A play ending in tragedy can seem like a pessimistic choice, but a character’s noble sacrifice can actually provide a hopeful outlook on the state of humanity. This is certainly the case with John Proctor’s death at the end of Arthur Miller’s play The Crucible. Where others would shy away and save themselves, Proctor gives it all in service of a greater cause.
The lead-up to Proctor’s self-sacrifice is first developed early on in the play, with his internal conflict. In the first two acts, the audience is informed of how this conflict affects his relationships and self-image. He is introduced as “a sinner… against his own vision of decent conduct,” showing even before his first line that he is a moral man haunted by some past impropriety (Miller 21). He projects his guilt onto others, such as when he tells his wife, Elizabeth, that he’ll “not have [her] suspicion any more,” seeing her harmless comments as disparaging him (57). However, she was not casting judgement on him, “the magistrate [that] sits in [his] heart” was (57).
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As the story progresses, Proctor continues to struggle with his guilt, and is unable to see himself as a good person. He laments his moral failure, seeing his false confession as yet another expression of his inherently evil nature. To him, only the good are worthy enough to sacrifice their lives for some cause greater than themselves, and he is not among them. He tells Elizabeth that “nothing’s spoiled by giving them this lie that were not rotten long before,” his previous transgressions preventing him from doing what he sees as right (143). He sees himself giving a false confession as “evil,” and that it is “good… that [he does] it,” due to his own fraught self-image (147). Proctor stumbles along this path of self-debasement, and continues to do so until he forgives himself of his improprieties. This allows him to do what is right in his mind, and sacrifice himself for something greater, as is the privilege of the morally righteous.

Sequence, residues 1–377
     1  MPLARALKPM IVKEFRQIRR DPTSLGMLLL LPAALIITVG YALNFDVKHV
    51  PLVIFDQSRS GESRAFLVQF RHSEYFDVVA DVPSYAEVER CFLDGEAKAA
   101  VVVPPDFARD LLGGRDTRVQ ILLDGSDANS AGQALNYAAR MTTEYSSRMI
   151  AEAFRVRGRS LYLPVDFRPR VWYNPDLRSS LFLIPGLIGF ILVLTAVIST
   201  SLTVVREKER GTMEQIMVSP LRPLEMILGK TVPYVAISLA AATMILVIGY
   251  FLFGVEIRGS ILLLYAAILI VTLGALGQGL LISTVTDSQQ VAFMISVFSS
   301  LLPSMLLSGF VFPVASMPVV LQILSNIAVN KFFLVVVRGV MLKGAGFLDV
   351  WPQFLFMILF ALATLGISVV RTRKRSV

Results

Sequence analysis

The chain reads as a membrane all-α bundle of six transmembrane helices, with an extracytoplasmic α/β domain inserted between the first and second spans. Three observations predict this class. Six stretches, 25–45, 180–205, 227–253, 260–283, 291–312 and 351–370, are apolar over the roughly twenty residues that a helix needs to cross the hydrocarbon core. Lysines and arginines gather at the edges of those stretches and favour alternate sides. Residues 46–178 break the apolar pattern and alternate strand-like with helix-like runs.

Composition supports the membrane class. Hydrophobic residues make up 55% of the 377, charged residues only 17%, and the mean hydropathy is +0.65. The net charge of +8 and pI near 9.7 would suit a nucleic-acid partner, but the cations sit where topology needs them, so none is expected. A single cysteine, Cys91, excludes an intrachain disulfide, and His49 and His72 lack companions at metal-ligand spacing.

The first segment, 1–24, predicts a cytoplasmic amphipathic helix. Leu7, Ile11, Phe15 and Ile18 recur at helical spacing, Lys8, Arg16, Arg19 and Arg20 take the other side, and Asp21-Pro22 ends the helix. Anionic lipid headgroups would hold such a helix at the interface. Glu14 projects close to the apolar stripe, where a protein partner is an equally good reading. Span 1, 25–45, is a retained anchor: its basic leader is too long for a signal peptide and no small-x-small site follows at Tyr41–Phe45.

Proctor’s conflict is resolved at the end of Act Four by him forgiving himself, allowing him to follow his moral ideals once more. Here, he has an epiphany of sorts and realizes he must forgive himself in order to move on and do what he believes is right. This is a crucial part of his inner conflict, the turning point where he finally “see[s] some shred of goodness” in himself and therefore allow him to sacrifice himself for the truth (151).
If one reads at a surface level, it might seem like Proctor’s decision was ill-conceived. Reverend Hale believes that death is the wrong choice, one that Proctor is making to protect his pride. Hale says that life is “God’s most precious gift,” and that throwing it away is “vanity” (138, 152). However, Hale’s objections are misguided and faulty, and are out of step with Proctor’s own moral framework. To Hale, good people are meant to obey God’s most important commandment and respect all life. But to Proctor, the good have the privilege of giving up their lives for others, in service of a cause greater than themselves. Hale’s call for Proctor to save his life would require him to give up his newly found goodness, and go back to a life of self-loathing and lamentations. That would be an impossible choice. Hale asks “what profit [Proctor] to bleed,” the answer being that “he have his goodness now [and] God forbid” it be taken from him, for a life without his goodness would be an unlivable one (152).
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